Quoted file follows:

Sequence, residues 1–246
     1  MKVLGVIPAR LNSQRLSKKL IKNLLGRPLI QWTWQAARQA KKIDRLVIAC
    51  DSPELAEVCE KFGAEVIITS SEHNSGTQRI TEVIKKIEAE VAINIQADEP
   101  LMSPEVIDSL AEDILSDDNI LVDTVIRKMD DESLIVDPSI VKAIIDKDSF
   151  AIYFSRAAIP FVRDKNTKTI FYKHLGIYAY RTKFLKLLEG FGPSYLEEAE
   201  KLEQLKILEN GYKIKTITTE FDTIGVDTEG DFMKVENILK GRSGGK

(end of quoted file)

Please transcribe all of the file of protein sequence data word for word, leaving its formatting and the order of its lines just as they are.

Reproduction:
Sequence, residues 1–246
     1  MKVLGVIPAR LNSQRLSKKL IKNLLGRPLI QWTWQAARQA KKIDRLVIAC
    51  DSPELAEVCE KFGAEVIITS SEHNSGTQRI TEVIKKIEAE VAINIQADEP
   101  LMSPEVIDSL AEDILSDDNI LVDTVIRKMD DESLIVDPSI VKAIIDKDSF
   151  AIYFSRAAIP FVRDKNTKTI FYKHLGIYAY RTKFLKLLEG FGPSYLEEAE
   201  KLEQLKILEN GYKIKTITTE FDTIGVDTEG DFMKVENILK GRSGGK